Biofuels are derived from biological materials such as vegetable oils, corn or sugar canes. They are mainly used as an alternate fuel replacing fossil fuels, which are rapidly diminishing.
The most common types of biofuels are biodiesel, from oil-rich plants, and bioethanol from starch, which are referred to as first generation biofuels.
First-generation biofuels have the benefit of reducing the overall greenhouse gas emissions and zero carbon production in some cases as the carbon emitted during burning of biofuels is compensated by the carbon absorbed by the plants during growth.
Second-generation biofuels, on the other hand, are technologies that are still in development. This new technology focuses on producing second-generation biofuels by microbial fermentation of non-food crops.
Other sources include woody biomass from forestry, paper pulp, sawdust, bagasse, straw, stover, household food and garden waste.
The carbon footprint and overall energy yield will be drastically improved when compared to first generation biofuels as there is no need for cultivating or harvesting the crops.
Bioethanol is conventionally produced through the enzymatic conversion of starchy biomass into sugars or fermenting 6-carbon sugars. Ethanol can also be produced from feedstocks like cassava, sorghum, potatoes, sugar beets, sugar cane, corn (maize) and cereal crops.
Researchers are now focusing on using ligno-cellulosic materials for advanced bioethanol production. This includes pre-treating biomass to release hemicellulose and cellulose, hydrolysis to release fermentable 5- and 6-carbon sugars, separation of non-hydrolysed cellulose and solid residues followed by distillation.
Biodiesel is produced by trans-esterification of fats and vegetable oils via the addition of methanol and a catalyst, yielding glycerol as a by-product.
Other feedstocks include palm oil seeds, soy seeds, sunflower seeds and rapeseeds. Advanced methods include replacing methanol of fossil fuels with bioethanol, which yields fatty acid ethyl ester rather than fatty acid methyl ether.
Recent advancements in the production methods include hydrogenation of fats and oils for producing biodiesel that can blend with fossil diesel up to 50% without modifying engine efficiency.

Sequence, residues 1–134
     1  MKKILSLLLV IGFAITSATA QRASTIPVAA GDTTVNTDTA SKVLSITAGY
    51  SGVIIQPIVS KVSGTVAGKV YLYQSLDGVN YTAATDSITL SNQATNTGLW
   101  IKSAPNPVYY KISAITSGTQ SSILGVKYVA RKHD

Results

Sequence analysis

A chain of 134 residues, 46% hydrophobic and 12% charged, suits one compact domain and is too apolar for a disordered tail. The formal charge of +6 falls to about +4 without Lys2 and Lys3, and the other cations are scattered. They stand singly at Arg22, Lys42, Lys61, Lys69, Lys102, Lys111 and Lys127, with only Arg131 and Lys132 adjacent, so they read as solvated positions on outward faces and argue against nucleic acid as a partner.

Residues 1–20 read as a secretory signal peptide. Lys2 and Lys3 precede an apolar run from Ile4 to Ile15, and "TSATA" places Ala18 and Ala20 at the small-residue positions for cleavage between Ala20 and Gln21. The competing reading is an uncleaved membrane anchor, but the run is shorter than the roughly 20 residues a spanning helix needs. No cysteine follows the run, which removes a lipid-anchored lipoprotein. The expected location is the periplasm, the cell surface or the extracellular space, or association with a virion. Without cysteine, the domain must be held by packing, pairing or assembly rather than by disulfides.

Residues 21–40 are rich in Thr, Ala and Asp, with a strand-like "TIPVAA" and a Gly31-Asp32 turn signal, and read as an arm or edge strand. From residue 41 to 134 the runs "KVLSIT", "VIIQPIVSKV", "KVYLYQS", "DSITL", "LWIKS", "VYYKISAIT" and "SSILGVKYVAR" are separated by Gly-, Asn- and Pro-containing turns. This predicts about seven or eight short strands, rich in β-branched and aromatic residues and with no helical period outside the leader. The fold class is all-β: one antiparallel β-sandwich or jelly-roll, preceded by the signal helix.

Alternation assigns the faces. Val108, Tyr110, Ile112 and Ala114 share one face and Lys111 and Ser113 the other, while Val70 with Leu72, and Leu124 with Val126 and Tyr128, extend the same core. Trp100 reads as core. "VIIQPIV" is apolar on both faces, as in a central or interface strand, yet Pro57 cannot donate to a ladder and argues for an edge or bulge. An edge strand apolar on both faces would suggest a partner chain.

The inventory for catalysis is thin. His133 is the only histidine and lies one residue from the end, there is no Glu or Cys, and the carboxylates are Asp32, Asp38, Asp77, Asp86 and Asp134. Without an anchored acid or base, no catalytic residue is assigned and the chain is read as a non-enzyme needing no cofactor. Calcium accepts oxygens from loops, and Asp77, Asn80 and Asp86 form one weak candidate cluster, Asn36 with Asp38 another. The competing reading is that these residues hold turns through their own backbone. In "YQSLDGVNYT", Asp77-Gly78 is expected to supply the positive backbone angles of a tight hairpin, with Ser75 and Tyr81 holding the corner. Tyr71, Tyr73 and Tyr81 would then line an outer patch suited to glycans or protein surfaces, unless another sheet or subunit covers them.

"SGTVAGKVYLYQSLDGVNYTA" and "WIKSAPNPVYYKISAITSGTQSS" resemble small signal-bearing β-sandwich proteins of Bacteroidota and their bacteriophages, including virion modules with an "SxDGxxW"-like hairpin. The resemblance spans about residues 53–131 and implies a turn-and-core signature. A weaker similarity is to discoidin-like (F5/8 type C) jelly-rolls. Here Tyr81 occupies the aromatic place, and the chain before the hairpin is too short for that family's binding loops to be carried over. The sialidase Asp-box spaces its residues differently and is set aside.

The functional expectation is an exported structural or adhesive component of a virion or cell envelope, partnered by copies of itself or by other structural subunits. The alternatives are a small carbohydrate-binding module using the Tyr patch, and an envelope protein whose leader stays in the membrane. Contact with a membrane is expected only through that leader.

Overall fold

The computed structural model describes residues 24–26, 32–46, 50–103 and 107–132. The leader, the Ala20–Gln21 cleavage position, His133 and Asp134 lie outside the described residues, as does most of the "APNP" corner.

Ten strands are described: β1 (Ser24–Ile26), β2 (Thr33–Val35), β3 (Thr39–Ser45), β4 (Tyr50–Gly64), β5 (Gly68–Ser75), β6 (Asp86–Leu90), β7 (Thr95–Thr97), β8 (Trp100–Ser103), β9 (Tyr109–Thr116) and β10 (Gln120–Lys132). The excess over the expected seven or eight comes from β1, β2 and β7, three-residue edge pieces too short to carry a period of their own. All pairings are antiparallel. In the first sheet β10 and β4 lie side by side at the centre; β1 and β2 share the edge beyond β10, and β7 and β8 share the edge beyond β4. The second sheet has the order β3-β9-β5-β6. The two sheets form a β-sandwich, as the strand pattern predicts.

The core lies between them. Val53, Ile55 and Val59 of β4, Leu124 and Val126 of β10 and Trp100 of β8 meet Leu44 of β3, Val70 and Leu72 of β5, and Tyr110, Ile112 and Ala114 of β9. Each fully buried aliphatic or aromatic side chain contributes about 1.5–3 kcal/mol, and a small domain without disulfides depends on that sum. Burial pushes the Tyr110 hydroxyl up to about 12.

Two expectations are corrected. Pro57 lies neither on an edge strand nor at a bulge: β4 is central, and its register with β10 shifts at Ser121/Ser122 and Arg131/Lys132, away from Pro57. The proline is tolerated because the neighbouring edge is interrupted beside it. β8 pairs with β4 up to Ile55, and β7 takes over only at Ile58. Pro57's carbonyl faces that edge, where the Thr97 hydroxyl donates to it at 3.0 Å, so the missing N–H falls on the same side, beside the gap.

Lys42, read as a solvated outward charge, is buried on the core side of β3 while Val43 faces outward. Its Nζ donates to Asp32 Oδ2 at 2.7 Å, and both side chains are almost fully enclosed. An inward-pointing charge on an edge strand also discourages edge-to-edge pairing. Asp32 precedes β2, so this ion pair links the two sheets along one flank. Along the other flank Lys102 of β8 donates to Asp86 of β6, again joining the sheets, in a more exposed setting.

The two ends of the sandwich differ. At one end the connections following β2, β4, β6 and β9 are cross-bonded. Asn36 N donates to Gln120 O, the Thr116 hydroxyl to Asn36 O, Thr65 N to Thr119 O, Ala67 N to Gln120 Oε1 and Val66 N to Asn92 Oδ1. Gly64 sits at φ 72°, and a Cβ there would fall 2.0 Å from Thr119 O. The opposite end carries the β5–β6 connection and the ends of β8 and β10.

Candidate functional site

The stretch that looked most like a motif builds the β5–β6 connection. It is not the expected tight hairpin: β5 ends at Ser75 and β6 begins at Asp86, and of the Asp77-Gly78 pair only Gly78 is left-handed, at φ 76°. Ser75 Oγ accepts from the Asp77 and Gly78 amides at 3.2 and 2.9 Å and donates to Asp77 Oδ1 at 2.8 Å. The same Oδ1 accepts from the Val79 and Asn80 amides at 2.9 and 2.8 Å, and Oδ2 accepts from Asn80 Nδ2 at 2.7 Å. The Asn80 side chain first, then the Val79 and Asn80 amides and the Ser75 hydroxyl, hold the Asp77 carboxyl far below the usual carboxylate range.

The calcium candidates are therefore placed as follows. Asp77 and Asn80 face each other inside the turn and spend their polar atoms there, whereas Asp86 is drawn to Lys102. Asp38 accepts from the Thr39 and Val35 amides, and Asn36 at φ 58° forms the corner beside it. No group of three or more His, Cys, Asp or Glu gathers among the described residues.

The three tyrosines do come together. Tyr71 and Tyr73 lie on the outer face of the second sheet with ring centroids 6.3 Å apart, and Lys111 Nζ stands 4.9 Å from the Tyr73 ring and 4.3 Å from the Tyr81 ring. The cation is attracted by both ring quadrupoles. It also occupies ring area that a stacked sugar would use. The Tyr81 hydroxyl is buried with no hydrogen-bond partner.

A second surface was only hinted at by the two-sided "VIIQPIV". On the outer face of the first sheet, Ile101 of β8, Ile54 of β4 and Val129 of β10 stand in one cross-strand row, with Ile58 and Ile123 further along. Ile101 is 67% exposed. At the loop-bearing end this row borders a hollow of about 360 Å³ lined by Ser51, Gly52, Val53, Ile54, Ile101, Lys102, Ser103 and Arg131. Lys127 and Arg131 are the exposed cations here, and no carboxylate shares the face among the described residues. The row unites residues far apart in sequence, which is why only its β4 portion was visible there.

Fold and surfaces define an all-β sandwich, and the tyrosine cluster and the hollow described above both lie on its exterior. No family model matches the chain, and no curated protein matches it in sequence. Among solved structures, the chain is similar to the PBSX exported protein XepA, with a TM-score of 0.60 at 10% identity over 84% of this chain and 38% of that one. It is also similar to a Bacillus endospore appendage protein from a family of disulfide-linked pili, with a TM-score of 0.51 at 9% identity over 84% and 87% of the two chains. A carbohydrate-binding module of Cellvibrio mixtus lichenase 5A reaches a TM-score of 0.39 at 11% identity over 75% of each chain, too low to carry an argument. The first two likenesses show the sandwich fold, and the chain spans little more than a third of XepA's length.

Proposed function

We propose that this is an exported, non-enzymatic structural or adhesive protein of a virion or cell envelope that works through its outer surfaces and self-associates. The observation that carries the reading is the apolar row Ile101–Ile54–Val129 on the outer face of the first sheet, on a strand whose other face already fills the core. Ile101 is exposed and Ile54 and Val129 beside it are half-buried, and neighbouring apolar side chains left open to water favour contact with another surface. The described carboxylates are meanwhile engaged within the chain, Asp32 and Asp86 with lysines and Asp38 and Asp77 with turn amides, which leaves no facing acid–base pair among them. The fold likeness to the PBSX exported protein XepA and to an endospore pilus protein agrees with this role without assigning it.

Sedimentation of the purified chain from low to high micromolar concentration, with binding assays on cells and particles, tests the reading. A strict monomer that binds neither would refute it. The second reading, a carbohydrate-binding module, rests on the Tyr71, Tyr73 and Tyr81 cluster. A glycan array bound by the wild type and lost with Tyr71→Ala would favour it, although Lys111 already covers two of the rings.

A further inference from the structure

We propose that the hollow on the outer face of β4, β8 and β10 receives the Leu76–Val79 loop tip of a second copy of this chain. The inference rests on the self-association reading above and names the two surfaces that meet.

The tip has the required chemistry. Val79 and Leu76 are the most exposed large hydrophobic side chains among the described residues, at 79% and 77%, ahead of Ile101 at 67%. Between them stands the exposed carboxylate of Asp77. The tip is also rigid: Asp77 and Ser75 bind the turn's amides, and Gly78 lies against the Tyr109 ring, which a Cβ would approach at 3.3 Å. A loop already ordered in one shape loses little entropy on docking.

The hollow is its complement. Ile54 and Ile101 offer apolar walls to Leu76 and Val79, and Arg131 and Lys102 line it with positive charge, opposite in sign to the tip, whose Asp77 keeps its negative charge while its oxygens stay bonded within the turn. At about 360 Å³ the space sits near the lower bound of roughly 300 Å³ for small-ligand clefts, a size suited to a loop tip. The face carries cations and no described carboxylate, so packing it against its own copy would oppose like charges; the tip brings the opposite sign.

Performance and Emission Characteristics
Ethanol produced from sugarcane is highly efficient as the crop produces high yields per hectare. The fossil energy input required for producing ethanol can be lowered if bagasse is used to provide power and heat for the process. Hence, CO2 emissions could be as low as 0.2-0.3 kg CO2/lt ethanol when compared to 2.8 kg CO2/lt for conventional gasoline.
Similarly, CO2 emissions may be reduced by 15%-25% in case of ethanol produced from corn and cereals when compared to gasoline. However, current research work involving the use of ligno-cellulosic feedstock from ethanol reduces CO2 emissions by 40 to 60% when compared other fossil fuels like diesel.
Autoignity is one of the most important characteristics of diesel fuel, which is quantified by the cetane number or index of the fuel, where the fuel ignites more rapidly with higher cetane number or index.
Researchers state that the cetane number of biodiesel ranges from 45.8 to 56.9 for soybean oil methyl esters with an average of 50.9 when compared to the cetane number of petroleum diesel that ranges from 40 to 52. In addition, biodiesel also has some drawbacks related to its performance.
Biodiesel tends to form wax crystals at low temperatures, which can clog filters and fuel lines in a vehicle. Moreover, oxygen present in the biodiesel may improve combustion thereby reducing particulate emissions, carbon monoxide and hydrocarbon.
Cost of Producing Biofuel
Costs of biofuels mainly depend on labor and land costs, feedstock, oil market and agricultural subsidies. Ethanol from sugar cane costs more than $0.40- $0.50/l of gasoline equivalent (lge) when compared to gasoline prices ranging from $0.3- $0.4/lge. Ethanol from sugar-beet, maize or wheat may cost around $0.6-$0.8/lge which can be further reduced to $0.4-$0.6/lge.
Current rate of ligno-cellulosic ethanol is around $1.0/lge at pilot scale. The cost is predicted to halve in the next decade with further process development, low-cost waste feedstock, co-production of other by-products and scaling up of plants.
Biodiesel produced from animal fat is the cheapest option as of now, which costs $0.4- $0.5/l of diesel equivalent (lde). Cost reductions of biodiesel to a price range of $0.1-$0.3/lde are expected with the scaling up of new processes.
Biofuels are important for a number of reasons. Transportation depends on the fossil fuels like petroleum and oil for its energy needs and hence it is necessary to move towards more sustainable and renewable fuels. Recent report from Pike Research, a private research firm stated that the market value of biofuels used in transportation may reach US$185 billion by 2021.
The use of biofuels would indeed result in net fuel cost savings of $890 billion when compared to fossil fuels. The key issue to take into consideration is that higher amount of biofuels may make the overall fuel costs more expensive than the fossil fuels on a short-term horizon. However, those initial costs could be compensated by the fuel cost savings in the longer-run.
In addition, several favorable government policies also exist to encourage biofuel technologies, which include quotas for renewable fuels in various countries. However, the industry also faces many challenges like allegations by development organizations and environmentalists that farmers are making use of the land to grow biofuel feedstock alone rather than food whereby driving up food prices globally.
Sources and Further Reading